BAPIs).
After processing the technical logic, all the process methods 5 access a method that handles the transaction
control. This is a method in the standard header. You can specify another parameter for this method - this
parameter indicates whether a rollback is necessary from the view of the process method (the process
method can determine this by evaluating the exceptions of the entity method and/or the error structures in
the standard header).
The transaction control method evaluates whether the process method is responsible for the transaction
control or not. The first method that declares itself responsible for the transaction control sets a
corresponding indicator in the standard header and notes the method name in a text field. If a process
method in which no method has declared itself responsible for the transaction control is accessed, the
process method takes over the transaction control, enters itself in the field and triggers a commit or a
rollback after the technical logic.
When a commit/rollback is triggered, all locks are removed by means of DEQUEUE_ALL. This happens in
the method provided by the Payment Engine which calls up the main memory initialization of the Tools &
Technology group (see section 8.4).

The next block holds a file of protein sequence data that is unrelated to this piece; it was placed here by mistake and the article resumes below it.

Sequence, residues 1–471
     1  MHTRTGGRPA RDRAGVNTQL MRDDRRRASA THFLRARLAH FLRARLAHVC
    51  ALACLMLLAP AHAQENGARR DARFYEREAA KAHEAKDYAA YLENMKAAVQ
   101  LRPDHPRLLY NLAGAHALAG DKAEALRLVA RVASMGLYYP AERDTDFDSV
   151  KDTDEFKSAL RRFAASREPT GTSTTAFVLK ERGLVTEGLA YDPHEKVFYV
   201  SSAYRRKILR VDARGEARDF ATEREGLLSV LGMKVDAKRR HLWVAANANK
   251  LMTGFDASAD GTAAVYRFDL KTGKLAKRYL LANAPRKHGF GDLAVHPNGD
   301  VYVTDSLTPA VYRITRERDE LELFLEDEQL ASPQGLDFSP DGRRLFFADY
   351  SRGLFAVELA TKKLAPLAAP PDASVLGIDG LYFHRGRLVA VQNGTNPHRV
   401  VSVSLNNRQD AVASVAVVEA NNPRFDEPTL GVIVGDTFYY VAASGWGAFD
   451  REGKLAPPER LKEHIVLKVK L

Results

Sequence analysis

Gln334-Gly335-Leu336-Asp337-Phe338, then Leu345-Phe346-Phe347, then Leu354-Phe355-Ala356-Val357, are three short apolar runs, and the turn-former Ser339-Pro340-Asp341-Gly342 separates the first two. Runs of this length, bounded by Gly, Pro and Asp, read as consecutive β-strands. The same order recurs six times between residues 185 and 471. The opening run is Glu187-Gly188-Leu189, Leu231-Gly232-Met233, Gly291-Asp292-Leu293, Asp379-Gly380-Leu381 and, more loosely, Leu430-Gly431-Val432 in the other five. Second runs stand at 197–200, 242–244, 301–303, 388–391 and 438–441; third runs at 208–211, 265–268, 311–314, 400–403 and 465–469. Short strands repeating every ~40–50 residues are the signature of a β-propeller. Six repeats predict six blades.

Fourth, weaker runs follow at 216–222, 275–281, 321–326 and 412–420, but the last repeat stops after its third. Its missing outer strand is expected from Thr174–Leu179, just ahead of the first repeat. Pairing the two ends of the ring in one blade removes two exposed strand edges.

If a process method is to be accessed using a BAPI, the BAPI wrapper must enter an ID in the transaction
control field (for example, "BAPI", or the name of the BAPI wrapper module) and thus ensure that no
subsequent process method accessed takes over the transaction control. You can use this simple
mechanism to ensure that the BAPI program model is adhered to.

8.2.1 Implementation of Transaction Control in (Business) Process Control Methods


Transaction control takes place in two steps: a check step that contains the technical logic of the method and
that determines whether the method is responsible for control (see section 8.2.2); and a triggering step that
may initiate a commit/rollback (see section 8.2.3). The general process is as follows:
method whatever.
* Some data declaration etc. ...
data: l_taowner_flg type /pe1/dte_bpe_boolean.
call method i_rcl_standardheader->check_ta_control
exporting
i_ta_owner = <mymethodname>
receiving
r_caller_is_responsible = l_taowner_flg.

* Begin of business logic


*
* End of business logic
if l_taowner_flg = con_true.
call method i_rcl_standardheader->ta_control
exporting